Sunday, September 5, 2010

A Town Called Rabbit Hash

By Ruth A. Ringelstetter

Several years ago, at the start of my internet researching, I stumbled on a picture of the Rabbit Hash General Store. After seeing that picture, I couldn’t wait to see it in person. When we started planning our spring 2006 trip to Kentucky, I tried to figure out how I could fit a stop at Rabbit Hash into our itinerary. We always try to get the most “bang for our buck,” or in our case, the most stops for the miles we’re traveling, so I tried to find other things of interest in the area.

The store is out of the way -- just a wide spot in the road along the Ohio River. But how does a town get a name like Rabbit Hash? There are several stories about how this came about. The most prevalent is that during the winter of 1847, in a time of high water, a group of area residents were watching the waters rise and lamenting their losses. Then their conversation turned to what each would have for Christmas dinner. As others mentioned they would have goose, a fat hen, or fresh pork, Frank, the town comedian, said that there would be plenty of rabbit hash since the rising waters were driving all of the local wildlife to higher ground. Frank was eventually nicknamed Rabbit Hash, and soon the town was being referred to as Rabbit Hash.

The official name of the town at that time was Carlton. Most of the mail was delivered up and down the river by steamboat, and often the mail for Carlton ended up at Carrolton which was just 39 miles downriver. When the postal service asked the town to choose a new name, they chose Rabbit Hash since they had been using the name unofficially for several years.

The year 2006 was the 175th anniversary of the store. It was built in 1831 as a storehouse for local farm products until the next steamboat stopped at Rising Sun, Indiana (just across the river), and the goods could be loaded for the trip down river. Offloaded goods were also stored there until the recipients could pick up the goods. James A. Wilson, age 17 was the store’s first proprietor.

It is amazing that the store still stands today. It has withstood floods in various years, the worst of which were in 1849, 1883, 1884, 1913, and 1937. With each flood, the high water mark rose higher, until in 1937 it reached 79.9 feet. An explanation for why the store survives these devastating floods comes from Donald E. Clare Jr.’s “The Story of Rabbit Hash, Kentucky.”

“The local blacksmith in the 1880’s devised a solution for the ever threatening problem. He designed and installed a series of threaded rods bolted on all four corners of the General Store between the bottom sill logs and top plate logs. Underneath the store, these rods have a hook. Another rod and hook system is anchored by concrete in the ground just below these rods. When flood waters rise and begin to float the store, these hooks engage and secure the building in place until the water subsides.”

Our trip to Rabbit Hash in the spring of 2006 was our last stop in Kentucky before heading for home. We explored all of the buildings looking at the antique signs and the antiques. The town itself is a destination, so I shouldn’t have worried about finding other things in the area to make it worth the trip. Some places are just like that, and Rabbit Hash has been called a state of mind. It’s easy and laid back and all are welcome.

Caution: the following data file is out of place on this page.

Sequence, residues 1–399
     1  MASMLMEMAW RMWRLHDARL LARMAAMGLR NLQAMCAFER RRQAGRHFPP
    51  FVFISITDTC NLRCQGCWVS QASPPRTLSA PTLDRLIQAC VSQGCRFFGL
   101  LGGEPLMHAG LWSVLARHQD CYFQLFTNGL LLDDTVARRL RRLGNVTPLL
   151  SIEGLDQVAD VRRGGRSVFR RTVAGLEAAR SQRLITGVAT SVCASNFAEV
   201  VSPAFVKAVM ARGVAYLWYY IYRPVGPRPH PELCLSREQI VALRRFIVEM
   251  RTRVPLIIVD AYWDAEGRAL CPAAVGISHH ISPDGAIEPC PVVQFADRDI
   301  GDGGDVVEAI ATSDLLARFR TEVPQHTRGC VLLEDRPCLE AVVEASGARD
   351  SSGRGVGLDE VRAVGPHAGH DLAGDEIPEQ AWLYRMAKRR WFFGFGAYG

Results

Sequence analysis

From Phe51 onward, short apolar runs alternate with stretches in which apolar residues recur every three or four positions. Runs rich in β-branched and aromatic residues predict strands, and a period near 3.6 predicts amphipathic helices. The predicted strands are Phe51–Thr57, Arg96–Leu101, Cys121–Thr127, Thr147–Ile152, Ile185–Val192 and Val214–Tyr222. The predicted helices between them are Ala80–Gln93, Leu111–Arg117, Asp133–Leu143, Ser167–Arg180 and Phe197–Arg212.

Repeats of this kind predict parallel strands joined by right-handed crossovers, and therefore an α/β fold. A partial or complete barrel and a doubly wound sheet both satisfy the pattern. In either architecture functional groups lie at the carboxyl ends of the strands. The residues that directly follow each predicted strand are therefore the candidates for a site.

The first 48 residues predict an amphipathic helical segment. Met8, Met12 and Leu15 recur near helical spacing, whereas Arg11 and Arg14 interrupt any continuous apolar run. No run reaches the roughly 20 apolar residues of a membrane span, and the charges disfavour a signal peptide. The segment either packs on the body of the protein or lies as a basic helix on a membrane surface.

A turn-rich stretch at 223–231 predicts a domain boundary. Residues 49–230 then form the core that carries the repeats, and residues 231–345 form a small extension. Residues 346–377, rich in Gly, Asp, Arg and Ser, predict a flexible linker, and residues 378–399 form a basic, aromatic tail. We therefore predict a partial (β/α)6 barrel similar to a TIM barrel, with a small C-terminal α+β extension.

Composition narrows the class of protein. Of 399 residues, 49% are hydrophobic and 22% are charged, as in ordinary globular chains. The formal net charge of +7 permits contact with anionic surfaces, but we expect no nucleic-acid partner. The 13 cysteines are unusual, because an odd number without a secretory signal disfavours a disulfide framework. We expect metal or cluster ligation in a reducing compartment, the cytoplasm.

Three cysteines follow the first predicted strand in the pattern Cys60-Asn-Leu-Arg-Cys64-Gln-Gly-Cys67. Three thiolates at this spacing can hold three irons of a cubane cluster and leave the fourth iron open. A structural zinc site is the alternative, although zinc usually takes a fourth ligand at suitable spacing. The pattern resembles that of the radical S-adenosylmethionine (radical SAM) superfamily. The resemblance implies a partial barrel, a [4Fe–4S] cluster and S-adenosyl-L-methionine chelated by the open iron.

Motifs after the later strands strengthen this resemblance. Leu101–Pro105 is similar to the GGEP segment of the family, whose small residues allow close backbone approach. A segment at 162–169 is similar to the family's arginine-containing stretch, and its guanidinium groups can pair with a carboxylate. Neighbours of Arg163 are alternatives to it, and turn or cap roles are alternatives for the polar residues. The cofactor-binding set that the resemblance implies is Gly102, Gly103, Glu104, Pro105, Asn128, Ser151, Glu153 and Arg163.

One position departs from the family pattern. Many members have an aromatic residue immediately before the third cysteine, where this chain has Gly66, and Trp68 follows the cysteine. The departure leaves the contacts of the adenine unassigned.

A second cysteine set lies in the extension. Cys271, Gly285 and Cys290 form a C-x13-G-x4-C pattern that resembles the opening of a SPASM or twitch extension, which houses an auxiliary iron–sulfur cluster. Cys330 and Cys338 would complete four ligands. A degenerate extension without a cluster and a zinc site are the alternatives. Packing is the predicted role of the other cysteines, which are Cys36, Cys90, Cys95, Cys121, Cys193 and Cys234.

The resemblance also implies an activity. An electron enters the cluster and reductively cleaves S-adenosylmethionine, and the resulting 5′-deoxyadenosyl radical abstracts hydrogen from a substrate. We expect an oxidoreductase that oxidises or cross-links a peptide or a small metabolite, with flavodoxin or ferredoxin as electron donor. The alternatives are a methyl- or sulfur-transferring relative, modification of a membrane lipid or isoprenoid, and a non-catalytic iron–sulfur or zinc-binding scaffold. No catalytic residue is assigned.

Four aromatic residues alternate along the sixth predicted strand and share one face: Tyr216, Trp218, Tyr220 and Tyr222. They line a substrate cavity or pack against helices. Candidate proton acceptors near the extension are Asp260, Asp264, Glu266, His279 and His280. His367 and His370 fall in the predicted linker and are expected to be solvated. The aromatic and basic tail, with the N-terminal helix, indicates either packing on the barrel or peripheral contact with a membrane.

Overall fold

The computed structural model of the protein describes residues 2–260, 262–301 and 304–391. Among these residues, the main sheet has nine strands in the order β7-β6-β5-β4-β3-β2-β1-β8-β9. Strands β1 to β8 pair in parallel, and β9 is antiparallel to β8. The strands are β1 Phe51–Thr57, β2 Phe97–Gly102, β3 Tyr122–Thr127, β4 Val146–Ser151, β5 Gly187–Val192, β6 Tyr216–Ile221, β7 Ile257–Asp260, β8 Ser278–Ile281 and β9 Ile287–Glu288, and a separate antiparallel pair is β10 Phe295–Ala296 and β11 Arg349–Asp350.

Then, coming home from a trip to Ohio in the spring of 2009, we began to get detoured by bridges that were out, and finally Joann asked how close we were to Rabbit Hash. When I said it was very close, she asked if we could go again. It would be a welcome change from all of the traffic and bridges out around Cincinnati. I didn’t have my Kentucky gazetteer, but there was enough of Kentucky listed at the edge of the Ohio gazetteer to get us close, and then we found the familiar sign pointing the way to Rabbit Hash.

As we drove up to the store, we saw people hanging out on the porch. It wasn’t too crowded, but as Joann got out her camera and set up to take some pictures, one of the women sitting on the porch volunteered to give her guy a kiss for the camera.

Rabbit Hash is also a destination for motorcycle riders, and there are always people hanging out and talking on the front porch. Often there are dogs lounging around or napping while their owners visit on the porch. Since 2004, a dog has been the mayor of Rabbit Hash.

There is an old GEM water pump next to the store. We have not found many of these in our travels, so it was a nice surprise to find one here.

Walking around Rabbit Hash, you find old advertising signs on all of the buildings. An old log cabin is the town museum and the old barn is home to barn dances. Another old building is filled with antiques for sale.

As we were walking around inside the store, I remembered that we had nothing in the cooler for supper that night, and there were no stores around before we would get to our motel. I went to the back of the store and checked out the selection. Then I asked Joann if she was interested in a bologna sandwich for supper. She thought about what wasn’t in the cooler, and agreed. We had some bread left from earlier in the trip, some lettuce, cheese and mayonnaise, so all we needed was the bologna and a couple of bottles of soda to complete our picnic supper.

We stayed too late, as we always do in places like this, just absorbing the atmosphere, knowing that soon we would be back home and back at work.

If you’re ever near Cincinnati with several hours to spare, consider driving down the river to Rabbit Hash. The people (and dogs) will welcome you.

Happy Shunpiking!

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